Digital Collections

Priddy memorabilia collage

Hervey A. Priddy Collection of American Presidential and Political Memorabilia

 ['National Union Republican Candidates' Lithograph]

National Union Republican
Candidates' Lithograph, 1868

 ['I Am Against Prohibition' Pin-Back Button]

'I Am Against Prohibition'
Pin-Back Button,
ca. 1920-1930

 [Abraham Lincoln and Andrew Johnson Inaugural Ball Invitation, 1865]

[Abraham Lincoln and Andrew
Johnson Inaugural Ball
Invitation, 1865]

['Let's Pull Together' Badge]

['Let's Pull Together' Badge],
ca. 1940

 [Warren G. Harding and Calvin Coolidge Campaign Window Decal]

Warren G. Harding and Calvin
Coolidge Campaign Window
Decal], 1920

[James Garfield Nose Thumber Charm]

James Garfield Nose Thumber
Charm, 1880

About the Collection

Holding library: DeGolyer Library

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While auditing a course at SMU on twentieth-century United States presidential politics, collector Hervey A. Priddy ventured into a small shop in New Orleans that specialized in nineteenth- and twentieth-century political Americana. The buttons, ribbons, and pins he saw there brought to life the candidates, issues, and elections he had been studying. Several hours later, Priddy recalls, he walked out of the shop with a sack full of buttons and a brand new passion—collecting campaign memorabilia.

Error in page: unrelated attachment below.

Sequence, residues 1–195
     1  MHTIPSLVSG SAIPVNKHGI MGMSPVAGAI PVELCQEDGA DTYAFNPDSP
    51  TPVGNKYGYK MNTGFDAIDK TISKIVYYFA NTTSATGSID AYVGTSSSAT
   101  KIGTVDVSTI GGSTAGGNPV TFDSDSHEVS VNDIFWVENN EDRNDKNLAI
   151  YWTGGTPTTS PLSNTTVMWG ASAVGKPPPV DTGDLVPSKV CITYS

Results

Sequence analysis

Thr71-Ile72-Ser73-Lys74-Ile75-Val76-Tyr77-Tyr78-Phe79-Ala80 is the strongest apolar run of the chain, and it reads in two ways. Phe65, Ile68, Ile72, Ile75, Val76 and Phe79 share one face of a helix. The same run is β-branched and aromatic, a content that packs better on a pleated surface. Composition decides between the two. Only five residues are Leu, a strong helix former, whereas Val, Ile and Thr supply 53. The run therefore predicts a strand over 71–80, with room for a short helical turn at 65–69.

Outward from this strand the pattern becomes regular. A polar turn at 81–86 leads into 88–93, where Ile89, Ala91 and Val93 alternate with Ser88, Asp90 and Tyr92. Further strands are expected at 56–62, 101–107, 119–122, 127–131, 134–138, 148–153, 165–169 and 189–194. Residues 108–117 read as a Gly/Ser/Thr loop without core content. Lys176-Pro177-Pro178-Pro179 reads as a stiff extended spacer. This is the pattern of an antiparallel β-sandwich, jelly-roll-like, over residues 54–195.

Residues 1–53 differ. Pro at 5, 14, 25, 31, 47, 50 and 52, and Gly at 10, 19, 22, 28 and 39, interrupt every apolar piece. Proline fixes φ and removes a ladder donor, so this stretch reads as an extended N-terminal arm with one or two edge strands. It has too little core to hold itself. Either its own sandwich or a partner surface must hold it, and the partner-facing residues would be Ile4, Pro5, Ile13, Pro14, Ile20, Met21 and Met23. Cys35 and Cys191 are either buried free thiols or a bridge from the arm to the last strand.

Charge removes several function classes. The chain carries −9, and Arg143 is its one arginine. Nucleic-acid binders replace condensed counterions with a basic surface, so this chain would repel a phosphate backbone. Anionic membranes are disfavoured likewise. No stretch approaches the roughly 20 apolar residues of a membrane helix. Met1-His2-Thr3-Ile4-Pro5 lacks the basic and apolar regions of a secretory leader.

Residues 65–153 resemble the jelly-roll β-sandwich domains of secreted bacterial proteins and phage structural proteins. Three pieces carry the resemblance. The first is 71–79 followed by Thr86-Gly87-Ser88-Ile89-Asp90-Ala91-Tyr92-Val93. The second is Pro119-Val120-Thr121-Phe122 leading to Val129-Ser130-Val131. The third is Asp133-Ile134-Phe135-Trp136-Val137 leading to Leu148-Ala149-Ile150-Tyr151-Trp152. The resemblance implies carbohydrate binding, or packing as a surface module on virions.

The Hervey A. Priddy Collection of American Presidential and Political Memorabilia at DeGolyer Library now includes more than 500 buttons, pins, ribbons, posters, broadsides, textiles, ceramics, tokens, inaugural medals, programs, bumper stickers, toys, and other campaign commemoratives from the early nineteenth century to the present. Over 200 years of political history are represented here, and the cultural artifacts of the campaigns, candidates, issues, and elections chronicle the development of our political system and democracy in America.

The brass encased ferrotypes from the 1860 and 1864 elections are a particular favorite in Mr. Priddy’s collection. These nineteenth-century campaign lapel devices were usually about one inch in diameter, encased in brass, and punched with a hole so they could be suspended from the lapel. The ferrotypes featured the presidential nominee’s image on one side and the vice presidential nominee’s on the other, familiarizing distant voters with the candidates’ names and faces.

Source: From George to George, “Electing and Collecting” by Hervey A. Priddy

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